I´m a member of the PWA Management Board and was a PBA rider many years ago, so I can see both sides of the coin regarding professional windsurfing. Everyone would like to see more events in more exotic locations – for obvious reasons the budgets at these locations is not there and riders do not want to compete for free, they have to sustain their living costs. I think the PWA currently is doing the best we can in terms of the racing tour; for waves/freestyle we are battling to find locations who have the budgets, this has to become better. And national tours need more attention of course, as well as the IFCA path from national to international for athletes – all things we are working on with some good progress lately.

Foiling has definitely only just started to show its potential and I think in the next years we´ll see a lot of stuff going on there, not only in light winds, but also in “planing conditions”. The current planing boards will also continue to evolve. Given a customer only buys a new board every 4-5 years, these incremental gains every 2-3 seasons, as we replace models, can mean big improvements for their next purchase.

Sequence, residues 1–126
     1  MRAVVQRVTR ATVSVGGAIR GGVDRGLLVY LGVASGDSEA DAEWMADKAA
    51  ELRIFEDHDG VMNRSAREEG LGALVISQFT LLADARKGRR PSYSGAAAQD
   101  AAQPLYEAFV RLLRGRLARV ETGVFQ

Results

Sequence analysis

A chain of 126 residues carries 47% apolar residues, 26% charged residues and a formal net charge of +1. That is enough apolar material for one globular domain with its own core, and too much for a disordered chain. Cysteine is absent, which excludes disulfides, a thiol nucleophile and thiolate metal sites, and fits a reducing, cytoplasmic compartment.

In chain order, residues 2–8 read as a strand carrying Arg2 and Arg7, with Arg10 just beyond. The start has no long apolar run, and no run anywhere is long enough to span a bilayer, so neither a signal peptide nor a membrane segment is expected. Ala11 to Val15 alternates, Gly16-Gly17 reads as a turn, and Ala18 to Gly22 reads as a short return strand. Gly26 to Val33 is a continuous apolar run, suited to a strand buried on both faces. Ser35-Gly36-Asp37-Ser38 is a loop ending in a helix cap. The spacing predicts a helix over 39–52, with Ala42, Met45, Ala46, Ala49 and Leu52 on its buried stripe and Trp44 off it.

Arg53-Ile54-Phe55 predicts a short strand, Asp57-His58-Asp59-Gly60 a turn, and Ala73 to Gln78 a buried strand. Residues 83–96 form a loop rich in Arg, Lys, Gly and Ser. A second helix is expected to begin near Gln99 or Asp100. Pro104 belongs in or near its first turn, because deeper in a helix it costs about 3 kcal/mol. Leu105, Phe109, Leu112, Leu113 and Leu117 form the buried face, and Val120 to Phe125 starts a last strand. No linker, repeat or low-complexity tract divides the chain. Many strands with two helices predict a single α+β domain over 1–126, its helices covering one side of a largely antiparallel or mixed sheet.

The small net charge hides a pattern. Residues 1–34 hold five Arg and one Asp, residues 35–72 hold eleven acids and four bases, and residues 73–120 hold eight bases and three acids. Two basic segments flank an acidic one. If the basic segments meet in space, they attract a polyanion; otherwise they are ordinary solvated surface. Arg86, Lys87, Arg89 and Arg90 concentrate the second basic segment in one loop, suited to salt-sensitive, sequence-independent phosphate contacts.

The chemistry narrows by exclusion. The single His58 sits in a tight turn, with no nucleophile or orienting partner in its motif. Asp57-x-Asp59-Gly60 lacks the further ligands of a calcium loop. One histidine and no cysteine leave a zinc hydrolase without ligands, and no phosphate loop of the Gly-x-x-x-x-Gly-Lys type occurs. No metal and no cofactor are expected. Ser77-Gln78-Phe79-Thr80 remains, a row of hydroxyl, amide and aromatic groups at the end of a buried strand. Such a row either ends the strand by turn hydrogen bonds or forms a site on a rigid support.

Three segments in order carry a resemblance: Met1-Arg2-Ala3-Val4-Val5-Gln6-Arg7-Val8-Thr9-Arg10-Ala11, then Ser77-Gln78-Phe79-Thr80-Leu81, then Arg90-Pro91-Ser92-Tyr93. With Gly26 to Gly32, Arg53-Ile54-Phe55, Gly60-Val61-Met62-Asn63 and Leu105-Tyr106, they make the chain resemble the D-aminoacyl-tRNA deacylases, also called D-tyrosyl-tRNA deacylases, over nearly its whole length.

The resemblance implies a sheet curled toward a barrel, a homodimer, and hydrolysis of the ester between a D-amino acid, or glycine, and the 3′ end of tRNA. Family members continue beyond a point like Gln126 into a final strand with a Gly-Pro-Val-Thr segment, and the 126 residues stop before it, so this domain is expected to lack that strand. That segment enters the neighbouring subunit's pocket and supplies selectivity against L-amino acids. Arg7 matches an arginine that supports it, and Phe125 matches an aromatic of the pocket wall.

To make the sport grow, we will keep doing what we are already, working with schools, pushing the image of the sport in all its aspects, but especially the more youth oriented images of the sport, where we have loads of competition from skateboarding etc. Social media has given us a huge chance there, versus before trying to compete in print media/TV. We need to use that, especially via our very marketable team riders and opinion leaders to show the appeal of windsurfing.